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Salt Lake City, Utah 84132


This is a chart review study of neonates admitted to Primary Children's Medical Center or University of Utah NICU who had or developed a diagnosis of bronchopulmonary dysplasia (BPD) and were treated for this condition with inhaled nitric oxide (iNO) beginning after the 4th week of life. For this study BPD will be defined as need for supplemental oxygen on day 28 of life. The data collection from the medical record will gather demographics on admission (birth weight, gestational age, etc); past medical history from transferring hospitals; admission diagnoses; hospital respiratory care treatment course and laboratory/xray findings; nutrition and growth; and discharge diagnoses including all major neonatal morbidities such as absence or severity of intraventricular hemorrhage, retinopathy of prematurity, or hearing deficits. The data will be compiled and compared to data previously published on similar infants with BPD but not treated with iNO.

Study summary:

Recent studies (e.g. Schreiber 2003)1 have prompted several large current clinical trials on the use of inhaled nitric oxide (iNO) for the prevention of bronchopulmonary dysplasia (BPD) in preterm infants. Results of these studies are not yet published and will be forthcoming Spring 2006. However, there is evidence to suggest that for patients with BPD, treatment with iNO may improve oxygenation2 and improve pulmonary blood flow by relaxing pulmonary vascular tone. 3 Also, there is a recent primate study that suggests in the face of existing BPD, treatment with iNO may decrease oxygen and ventilation requirements through a mechanism that helps preserve surfactant protein.4 Taken together, this preliminary work suggests there may be clinical benefit in treating established BPD with iNO. However, as few data exist on the clinical course of BPD patients treated with iNO, further description is necessary to evaluate iNO as a potential treatment modality for BPD. Since iNO has been used as adjunctive therapy for neonates at PCMC with serious respiratory disease, useful information on the relationship between BPD and iNO treatment may exist within our own patient population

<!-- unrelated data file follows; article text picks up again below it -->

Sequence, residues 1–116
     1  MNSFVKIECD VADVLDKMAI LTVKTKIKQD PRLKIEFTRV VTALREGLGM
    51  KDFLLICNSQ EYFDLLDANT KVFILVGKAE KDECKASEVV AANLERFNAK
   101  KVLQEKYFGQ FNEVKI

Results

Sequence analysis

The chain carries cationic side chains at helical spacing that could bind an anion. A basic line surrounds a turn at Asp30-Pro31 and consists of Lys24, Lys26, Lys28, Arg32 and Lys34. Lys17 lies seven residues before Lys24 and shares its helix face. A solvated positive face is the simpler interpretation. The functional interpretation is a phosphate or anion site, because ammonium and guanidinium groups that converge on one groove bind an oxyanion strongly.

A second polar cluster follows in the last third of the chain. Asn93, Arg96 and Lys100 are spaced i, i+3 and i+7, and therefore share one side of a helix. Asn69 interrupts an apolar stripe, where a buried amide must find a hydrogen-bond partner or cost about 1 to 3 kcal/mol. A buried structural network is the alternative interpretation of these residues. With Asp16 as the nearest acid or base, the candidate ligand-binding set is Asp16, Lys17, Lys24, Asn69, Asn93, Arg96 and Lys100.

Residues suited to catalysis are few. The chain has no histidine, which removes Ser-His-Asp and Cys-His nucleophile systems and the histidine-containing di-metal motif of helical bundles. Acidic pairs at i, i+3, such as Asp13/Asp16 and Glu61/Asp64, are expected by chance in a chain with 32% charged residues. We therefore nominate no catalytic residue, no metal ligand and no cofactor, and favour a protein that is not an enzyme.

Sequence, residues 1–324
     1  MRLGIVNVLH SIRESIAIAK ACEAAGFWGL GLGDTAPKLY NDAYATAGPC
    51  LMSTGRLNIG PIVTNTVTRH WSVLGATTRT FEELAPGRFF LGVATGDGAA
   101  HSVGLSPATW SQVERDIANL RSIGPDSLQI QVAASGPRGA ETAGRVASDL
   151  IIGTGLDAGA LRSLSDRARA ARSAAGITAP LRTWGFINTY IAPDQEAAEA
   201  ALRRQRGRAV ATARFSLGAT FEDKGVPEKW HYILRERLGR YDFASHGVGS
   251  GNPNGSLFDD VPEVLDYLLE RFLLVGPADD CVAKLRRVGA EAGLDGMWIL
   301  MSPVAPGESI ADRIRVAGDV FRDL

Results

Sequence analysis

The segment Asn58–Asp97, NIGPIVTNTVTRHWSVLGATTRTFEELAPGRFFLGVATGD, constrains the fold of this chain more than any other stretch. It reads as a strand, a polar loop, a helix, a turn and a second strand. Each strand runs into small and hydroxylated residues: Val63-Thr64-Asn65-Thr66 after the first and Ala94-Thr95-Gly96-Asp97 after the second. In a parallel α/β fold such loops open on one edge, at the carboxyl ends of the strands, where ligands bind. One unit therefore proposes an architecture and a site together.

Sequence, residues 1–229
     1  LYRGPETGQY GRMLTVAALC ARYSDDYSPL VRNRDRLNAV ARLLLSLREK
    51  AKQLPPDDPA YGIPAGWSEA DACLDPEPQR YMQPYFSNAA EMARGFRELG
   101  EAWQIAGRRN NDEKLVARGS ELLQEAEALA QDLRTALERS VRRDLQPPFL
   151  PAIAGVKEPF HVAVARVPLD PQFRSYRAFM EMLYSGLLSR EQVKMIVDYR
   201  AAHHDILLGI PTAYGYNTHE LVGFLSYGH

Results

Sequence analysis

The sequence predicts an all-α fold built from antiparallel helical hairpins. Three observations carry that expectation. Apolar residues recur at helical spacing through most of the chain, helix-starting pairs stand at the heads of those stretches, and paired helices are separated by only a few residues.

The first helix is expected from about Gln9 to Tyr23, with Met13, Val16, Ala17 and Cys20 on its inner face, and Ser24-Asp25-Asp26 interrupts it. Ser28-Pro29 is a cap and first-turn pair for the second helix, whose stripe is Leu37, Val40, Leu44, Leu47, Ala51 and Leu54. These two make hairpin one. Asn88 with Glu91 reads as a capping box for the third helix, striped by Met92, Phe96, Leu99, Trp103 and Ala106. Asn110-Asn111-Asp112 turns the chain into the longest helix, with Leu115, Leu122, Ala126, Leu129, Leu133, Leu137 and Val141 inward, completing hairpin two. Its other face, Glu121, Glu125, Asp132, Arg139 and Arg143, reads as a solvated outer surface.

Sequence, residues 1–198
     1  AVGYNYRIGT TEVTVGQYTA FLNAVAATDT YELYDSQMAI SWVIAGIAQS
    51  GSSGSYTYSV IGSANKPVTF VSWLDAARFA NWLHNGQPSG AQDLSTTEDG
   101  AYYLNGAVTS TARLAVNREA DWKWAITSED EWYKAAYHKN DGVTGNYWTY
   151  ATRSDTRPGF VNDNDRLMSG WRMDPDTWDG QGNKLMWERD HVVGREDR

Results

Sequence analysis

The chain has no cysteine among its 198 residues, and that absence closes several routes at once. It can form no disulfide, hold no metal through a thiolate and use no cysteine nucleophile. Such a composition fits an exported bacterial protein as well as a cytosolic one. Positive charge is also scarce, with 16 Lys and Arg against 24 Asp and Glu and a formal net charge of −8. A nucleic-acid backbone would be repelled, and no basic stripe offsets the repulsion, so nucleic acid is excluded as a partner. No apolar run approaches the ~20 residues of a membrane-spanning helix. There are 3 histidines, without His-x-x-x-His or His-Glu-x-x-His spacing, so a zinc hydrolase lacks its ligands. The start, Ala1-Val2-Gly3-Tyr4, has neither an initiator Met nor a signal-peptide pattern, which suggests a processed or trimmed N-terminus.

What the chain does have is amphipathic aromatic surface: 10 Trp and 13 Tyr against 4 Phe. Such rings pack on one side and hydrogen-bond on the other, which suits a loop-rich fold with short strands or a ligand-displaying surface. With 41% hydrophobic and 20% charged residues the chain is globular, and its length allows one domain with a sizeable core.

Inclusion Criteria: - Any patient who at 28 days of life was requiring oxygen therapy in the Neonatal Intensive Care Unit and who was then treated with iNO would be eligible for chart review. Since iNO therapy has only been available for a few years, this study will attempt to capture all patients who qualify. Exclusion Criteria: - Any patient who received iNO treatment under an IRB study protocol after 28d of life would not be eligible for chart review.



Primary Contact:

Principal Investigator
Donald .Null, MD
University of Utah / Primary Childrens Hospital

Backup Contact:


Location Contact:

Salt Lake City, Utah 84132
United States

There is no listed contact information for this specific location.

Site Status: N/A

Data Source: ClinicalTrials.gov

Date Processed: October 09, 2019

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